Summary of disturbance in tree ring record: Analysis of the 79 trees sampled on the landslide allowed identification of 151 growth disturbance (GD) relating to past landslide events, with the onset of compression wood (CW) (82 GD, 55%) being more common than abrupt growth reductions (69 GD, 45%). In 1859, the sample size surpassed the n=10 threshold for landslides to be considered events using dendrogeomorphic methods. Sample size increased markedly after 1890 and excelled 50% (n=40) in 1912. The earliest GD observed in the tree ring series was dated to AD 1853; however, this year was not considered a landslide event as only two trees showed reactions. In contrast, the relative number of trees with GD did exceed the 10% threshold in 9 years after AD 1859 and were therefore considered years with landslide reactivation. Apart from the landslide recorded in local archives in 1993, eight additional previously undocumented events took place between 1875 and 2008, namely in 1875, 1897, 1947, 1963, 1977, 1978, 2000, and 2004.

Seasonal timing of CW formation: Analysis of the intra-seasonal position of CW was used to determine the seasonal timing of tilting at Bois Noir landslide. A clear concentration of CW formation was found in early earlywood (EE) (63%). Considering the timing of annual tree ring formation at Bois Noir, tilting is likely to have occurred between October of the previous and April of the current year in 1874–1875, 1896–1897, 1946–1947, 1992–1993, and 2003–2004. For those events where CW formation was initiated during the growth period of trees, it appears that CW formation is much more frequent during the period of latewood formation (latewood, L=32%). In this case, tilting would have occurred between July and September in 1963 and 2000. GD observed in EE 1978 were merged with GD observed in L in 1977. We considered that a unique reactivation occurred between July and September 1977. The onset of CW in EE in 1978 was regarded as delayed CW formation. The relationship between dated events and spatial data is represented in an event response maps. These maps reveal that major events occurred between October and April in 1946–1947 and 1992–1993 and between July and September in 1977 and 2000. They were recorded by trees located in all subunits of the landslide body (L1, L2, L3, and L4). Between July and September 1963 and between October 2003 and April 2004, movements affected trees only in the scarp area and on the upper landslide body, in subunits L1 and L4. The position of these tilted trees suggests a propagation of regressive erosion toward the scarp area.

Relationship between landslide occurrences and meteorological data: The best model derived from CART analyses used only July rainfalls to optimize the splitting of landslide events probabilities. The splitting value for July was 153 mm, and the confusion matrix indicates that the model correctly classified non-landslide years in 98% of the cases. The likelihood of correctly classifying landslide events, however, is only 37%: Three out of eight landslide events occurred when precipitation in July was >153 mm. Several logistic regression models were then tested with the presence/absence of a landslide event as a dichotomous response variable and with monthly, seasonal, and annual rainfall as a single predictor. Analysis again confirmed the primordial role of summer precipitations (July, August) in landslide triggering, and the most parsimonious logistic regression model has been determined [see details in the study]. The likelihood ratio test, significant at p<0.05, indicates that the logit model is better than a null model and the pseudo-R2 value in correctly predicting landslide triggering probability. The probability of a landslide is 8% for 200 mm July+August rainfall and 15% for 240 mm rainfall (i.e., ninth decile threshold for July+August precipitations).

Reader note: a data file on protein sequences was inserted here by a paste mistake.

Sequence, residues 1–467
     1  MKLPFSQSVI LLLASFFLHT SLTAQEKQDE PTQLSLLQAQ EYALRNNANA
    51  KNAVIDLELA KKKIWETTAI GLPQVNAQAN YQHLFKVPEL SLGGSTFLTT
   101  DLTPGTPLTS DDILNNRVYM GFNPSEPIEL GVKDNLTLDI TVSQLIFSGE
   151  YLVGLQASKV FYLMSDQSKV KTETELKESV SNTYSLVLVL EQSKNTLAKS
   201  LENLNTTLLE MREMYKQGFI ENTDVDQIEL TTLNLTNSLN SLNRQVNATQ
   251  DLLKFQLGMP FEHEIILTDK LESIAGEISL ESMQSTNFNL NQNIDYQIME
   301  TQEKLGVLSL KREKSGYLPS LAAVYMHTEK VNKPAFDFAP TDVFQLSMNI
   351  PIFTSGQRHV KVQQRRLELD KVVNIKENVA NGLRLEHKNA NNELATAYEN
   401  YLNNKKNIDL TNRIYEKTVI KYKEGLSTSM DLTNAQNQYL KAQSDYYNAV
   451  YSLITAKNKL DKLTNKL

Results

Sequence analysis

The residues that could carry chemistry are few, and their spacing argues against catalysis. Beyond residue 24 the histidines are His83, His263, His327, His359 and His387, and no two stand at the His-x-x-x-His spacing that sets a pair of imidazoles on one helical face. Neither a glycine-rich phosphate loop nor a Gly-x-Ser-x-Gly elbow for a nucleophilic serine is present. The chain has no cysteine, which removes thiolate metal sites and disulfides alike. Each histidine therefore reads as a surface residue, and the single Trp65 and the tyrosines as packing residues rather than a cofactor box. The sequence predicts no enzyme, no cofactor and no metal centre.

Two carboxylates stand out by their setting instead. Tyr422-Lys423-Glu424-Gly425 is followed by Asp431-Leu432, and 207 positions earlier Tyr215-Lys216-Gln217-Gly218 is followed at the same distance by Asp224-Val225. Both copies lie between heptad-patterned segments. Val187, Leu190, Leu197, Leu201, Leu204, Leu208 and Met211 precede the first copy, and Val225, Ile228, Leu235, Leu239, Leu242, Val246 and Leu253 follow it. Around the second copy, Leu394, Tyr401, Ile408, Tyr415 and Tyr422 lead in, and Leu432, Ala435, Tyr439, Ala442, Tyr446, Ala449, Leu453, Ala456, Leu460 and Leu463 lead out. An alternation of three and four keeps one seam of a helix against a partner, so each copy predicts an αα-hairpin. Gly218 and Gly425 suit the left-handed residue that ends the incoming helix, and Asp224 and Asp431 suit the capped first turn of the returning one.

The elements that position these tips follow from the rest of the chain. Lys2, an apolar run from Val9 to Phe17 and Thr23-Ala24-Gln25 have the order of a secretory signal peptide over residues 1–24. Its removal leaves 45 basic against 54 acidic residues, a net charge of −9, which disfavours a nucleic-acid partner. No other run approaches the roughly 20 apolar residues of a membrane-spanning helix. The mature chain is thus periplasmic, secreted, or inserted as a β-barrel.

Spatiotemporal accuracy of the reconstruction: Dendrogeomorphic analysis of 300 increment cores and four cross-sections taken from 79 P. uncinata allowed reconstruction of eight reactivations phases of the Bois Noir landslide between 1874 and 2009. The reconstruction added seven previously unknown events to the local landslide chronology and confirmed the mass movement of 1993 depicted in the literature. According to the archival records, six of the reactivation years dated for the Bois Noir landslide are characterized by intense landsliding at other sites within the Barcelonnette Basin. Six references on landslides at other nearby sites have been inventoried for 1963, five for 2003–2004, four for 1977 and 1992–1993, three for 1947, and one for 1875 and 2000 (Amiot and Nexon 1995; Flageollet et al. 1999), but this database is incomplete (Remaître et al. 2010). Only the date of 1897 could not be found at other sites of the basin and therefore remains unconfirmed.